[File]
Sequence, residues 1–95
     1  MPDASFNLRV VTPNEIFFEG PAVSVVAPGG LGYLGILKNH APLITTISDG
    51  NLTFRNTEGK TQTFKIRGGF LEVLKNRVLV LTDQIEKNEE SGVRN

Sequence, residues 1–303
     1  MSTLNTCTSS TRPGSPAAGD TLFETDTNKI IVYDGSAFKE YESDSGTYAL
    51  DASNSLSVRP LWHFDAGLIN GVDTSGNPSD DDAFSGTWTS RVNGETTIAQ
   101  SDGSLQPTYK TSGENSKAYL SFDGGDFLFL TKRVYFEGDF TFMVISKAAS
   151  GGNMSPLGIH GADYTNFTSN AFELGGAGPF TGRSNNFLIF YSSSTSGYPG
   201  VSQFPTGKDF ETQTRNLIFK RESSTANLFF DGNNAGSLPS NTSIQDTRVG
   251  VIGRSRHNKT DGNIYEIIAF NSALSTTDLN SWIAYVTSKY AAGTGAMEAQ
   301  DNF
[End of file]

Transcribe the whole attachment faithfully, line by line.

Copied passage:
Sequence, residues 1–95
     1  MPDASFNLRV VTPNEIFFEG PAVSVVAPGG LGYLGILKNH APLITTISDG
    51  NLTFRNTEGK TQTFKIRGGF LEVLKNRVLV LTDQIEKNEE SGVRN

Sequence, residues 1–303
     1  MSTLNTCTSS TRPGSPAAGD TLFETDTNKI IVYDGSAFKE YESDSGTYAL
    51  DASNSLSVRP LWHFDAGLIN GVDTSGNPSD DDAFSGTWTS RVNGETTIAQ
   101  SDGSLQPTYK TSGENSKAYL SFDGGDFLFL TKRVYFEGDF TFMVISKAAS
   151  GGNMSPLGIH GADYTNFTSN AFELGGAGPF TGRSNNFLIF YSSSTSGYPG
   201  VSQFPTGKDF ETQTRNLIFK RESSTANLFF DGNNAGSLPS NTSIQDTRVG
   251  VIGRSRHNKT DGNIYEIIAF NSALSTTDLN SWIAYVTSKY AAGTGAMEAQ
   301  DNF